The technology also posed a serious risk to “drug work,” he said, and could upend the careers of people working as paralegals, personal assistants and translators.
Some employees already say they use it to cover multiple tasks for them, doing tasks like creating marketing materials and transcribing Zoom meetings so they don’t have to listen.
“Maybe what happens in these systems is actually much better than what happens in the (human) brain,” he said, explaining his fears.
“The idea that this stuff can actually get smarter than humans — a few people believed that.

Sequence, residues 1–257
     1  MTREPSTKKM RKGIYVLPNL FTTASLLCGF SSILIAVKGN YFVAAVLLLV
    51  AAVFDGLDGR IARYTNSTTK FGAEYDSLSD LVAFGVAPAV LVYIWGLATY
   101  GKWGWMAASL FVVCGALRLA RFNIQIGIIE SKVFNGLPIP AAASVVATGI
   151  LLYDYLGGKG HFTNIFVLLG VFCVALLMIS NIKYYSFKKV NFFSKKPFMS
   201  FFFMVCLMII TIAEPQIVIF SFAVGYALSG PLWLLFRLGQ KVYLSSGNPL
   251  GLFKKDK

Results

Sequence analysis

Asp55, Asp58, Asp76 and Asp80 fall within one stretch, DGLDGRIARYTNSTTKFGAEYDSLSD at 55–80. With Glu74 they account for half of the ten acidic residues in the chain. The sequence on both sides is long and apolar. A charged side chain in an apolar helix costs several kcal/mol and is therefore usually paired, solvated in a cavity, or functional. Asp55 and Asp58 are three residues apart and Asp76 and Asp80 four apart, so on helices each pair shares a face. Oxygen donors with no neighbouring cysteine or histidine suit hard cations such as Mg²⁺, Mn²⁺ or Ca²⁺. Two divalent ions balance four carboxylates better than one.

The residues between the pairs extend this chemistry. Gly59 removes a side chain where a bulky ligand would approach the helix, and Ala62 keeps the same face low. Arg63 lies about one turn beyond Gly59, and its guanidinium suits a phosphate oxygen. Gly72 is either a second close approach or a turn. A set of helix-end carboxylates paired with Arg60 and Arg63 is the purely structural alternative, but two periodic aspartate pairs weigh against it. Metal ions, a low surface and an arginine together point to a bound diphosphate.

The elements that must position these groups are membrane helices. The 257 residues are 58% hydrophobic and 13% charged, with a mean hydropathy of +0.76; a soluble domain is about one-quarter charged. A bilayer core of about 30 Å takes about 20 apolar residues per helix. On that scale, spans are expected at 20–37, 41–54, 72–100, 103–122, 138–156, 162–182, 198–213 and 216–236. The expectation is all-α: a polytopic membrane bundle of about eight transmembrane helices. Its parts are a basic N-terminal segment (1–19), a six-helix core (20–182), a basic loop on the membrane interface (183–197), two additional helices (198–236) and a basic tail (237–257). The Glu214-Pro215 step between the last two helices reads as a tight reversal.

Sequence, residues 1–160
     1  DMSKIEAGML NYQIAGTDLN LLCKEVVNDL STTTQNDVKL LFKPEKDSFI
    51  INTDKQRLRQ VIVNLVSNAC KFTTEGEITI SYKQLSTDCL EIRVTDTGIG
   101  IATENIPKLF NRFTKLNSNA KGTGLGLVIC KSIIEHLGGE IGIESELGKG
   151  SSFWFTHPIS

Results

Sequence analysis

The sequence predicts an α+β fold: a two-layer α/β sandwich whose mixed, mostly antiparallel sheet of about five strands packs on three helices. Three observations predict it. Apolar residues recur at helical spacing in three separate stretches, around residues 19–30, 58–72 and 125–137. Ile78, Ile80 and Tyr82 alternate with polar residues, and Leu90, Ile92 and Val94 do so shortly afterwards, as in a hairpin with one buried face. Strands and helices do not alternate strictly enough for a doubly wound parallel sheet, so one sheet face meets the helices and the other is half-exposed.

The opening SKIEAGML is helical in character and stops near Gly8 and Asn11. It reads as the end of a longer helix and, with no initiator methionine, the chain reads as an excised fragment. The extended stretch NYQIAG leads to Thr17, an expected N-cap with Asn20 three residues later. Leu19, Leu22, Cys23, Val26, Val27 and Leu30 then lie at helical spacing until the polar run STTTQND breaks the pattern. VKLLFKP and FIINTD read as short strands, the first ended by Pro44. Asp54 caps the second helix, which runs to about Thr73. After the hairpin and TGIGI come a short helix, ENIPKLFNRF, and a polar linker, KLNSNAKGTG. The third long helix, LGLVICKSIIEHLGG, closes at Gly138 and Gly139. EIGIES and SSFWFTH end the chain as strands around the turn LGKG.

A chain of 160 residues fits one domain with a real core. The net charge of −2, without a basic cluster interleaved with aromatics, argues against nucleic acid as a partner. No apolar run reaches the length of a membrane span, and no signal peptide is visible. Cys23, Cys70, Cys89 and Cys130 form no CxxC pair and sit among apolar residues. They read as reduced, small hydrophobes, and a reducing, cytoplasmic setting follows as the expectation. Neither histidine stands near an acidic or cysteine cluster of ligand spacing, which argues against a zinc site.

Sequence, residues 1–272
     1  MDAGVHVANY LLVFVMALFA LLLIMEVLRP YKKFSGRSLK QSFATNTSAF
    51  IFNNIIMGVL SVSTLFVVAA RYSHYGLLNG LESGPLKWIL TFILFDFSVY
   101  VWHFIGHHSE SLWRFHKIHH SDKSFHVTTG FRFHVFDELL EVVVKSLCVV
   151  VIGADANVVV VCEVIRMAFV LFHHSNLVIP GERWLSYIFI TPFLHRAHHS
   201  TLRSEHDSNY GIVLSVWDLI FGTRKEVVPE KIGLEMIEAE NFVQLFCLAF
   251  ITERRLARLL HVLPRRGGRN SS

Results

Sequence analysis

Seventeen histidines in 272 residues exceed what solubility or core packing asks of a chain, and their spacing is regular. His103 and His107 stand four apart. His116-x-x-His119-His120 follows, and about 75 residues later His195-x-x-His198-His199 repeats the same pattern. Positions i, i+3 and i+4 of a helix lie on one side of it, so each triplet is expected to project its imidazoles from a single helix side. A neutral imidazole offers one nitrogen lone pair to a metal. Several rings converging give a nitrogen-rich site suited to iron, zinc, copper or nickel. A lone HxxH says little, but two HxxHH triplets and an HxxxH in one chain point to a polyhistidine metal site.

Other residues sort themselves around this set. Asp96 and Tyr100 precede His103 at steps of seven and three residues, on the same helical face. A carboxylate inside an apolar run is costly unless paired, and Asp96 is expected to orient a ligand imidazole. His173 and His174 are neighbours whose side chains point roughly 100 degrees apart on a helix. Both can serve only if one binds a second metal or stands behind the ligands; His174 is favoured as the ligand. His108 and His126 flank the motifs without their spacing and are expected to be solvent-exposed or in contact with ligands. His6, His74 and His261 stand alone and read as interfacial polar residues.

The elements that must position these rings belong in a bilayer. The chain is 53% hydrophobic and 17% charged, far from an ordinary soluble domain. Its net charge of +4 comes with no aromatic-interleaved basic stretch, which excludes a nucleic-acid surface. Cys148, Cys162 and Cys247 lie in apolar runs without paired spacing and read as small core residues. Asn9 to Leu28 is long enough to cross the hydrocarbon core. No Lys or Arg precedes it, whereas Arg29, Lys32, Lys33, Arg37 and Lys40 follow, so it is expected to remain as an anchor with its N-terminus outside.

“But most people thought it was far away. And I thought it was far away. I thought it was 30 to 50 years away or even longer.
“Of course I don’t think so anymore.”
Asked why he had helped develop a potentially dangerous technology, he said, “I console myself with the common excuse: if I hadn’t done it, someone else would have.”
Hinton added that he had previously paraphrased Oppenheimer when asked this question in the past, saying: “If you see something that’s technically beautiful, go ahead and do it.”
Hinton decided to leave Google last month after ten years with the tech giant amid the proliferation of AI technologies.
He had a lengthy chat with the CEO of Google’s parent company Alphabet, Sundar Pichai, before leaving – though it’s not clear what was said.
In an open letter to his former employer, he accused Google of not being a “proper steward” for AI technologies.